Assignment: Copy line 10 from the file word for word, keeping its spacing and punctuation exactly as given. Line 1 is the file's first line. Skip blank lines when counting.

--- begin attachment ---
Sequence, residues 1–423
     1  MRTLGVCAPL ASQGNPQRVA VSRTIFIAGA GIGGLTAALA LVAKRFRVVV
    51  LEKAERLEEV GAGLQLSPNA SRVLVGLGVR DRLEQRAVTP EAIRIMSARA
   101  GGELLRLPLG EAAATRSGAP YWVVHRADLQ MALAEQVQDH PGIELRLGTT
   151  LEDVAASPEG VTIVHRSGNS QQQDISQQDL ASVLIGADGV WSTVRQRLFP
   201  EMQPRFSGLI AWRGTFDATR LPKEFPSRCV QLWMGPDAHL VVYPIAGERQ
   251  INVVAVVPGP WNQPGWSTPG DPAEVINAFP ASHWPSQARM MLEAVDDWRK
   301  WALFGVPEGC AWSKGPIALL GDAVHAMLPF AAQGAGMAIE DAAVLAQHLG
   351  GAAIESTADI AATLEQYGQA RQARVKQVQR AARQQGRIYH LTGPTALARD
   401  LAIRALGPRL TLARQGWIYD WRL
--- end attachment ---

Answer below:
   401  LAIRALGPRL TLARQGWIYD WRL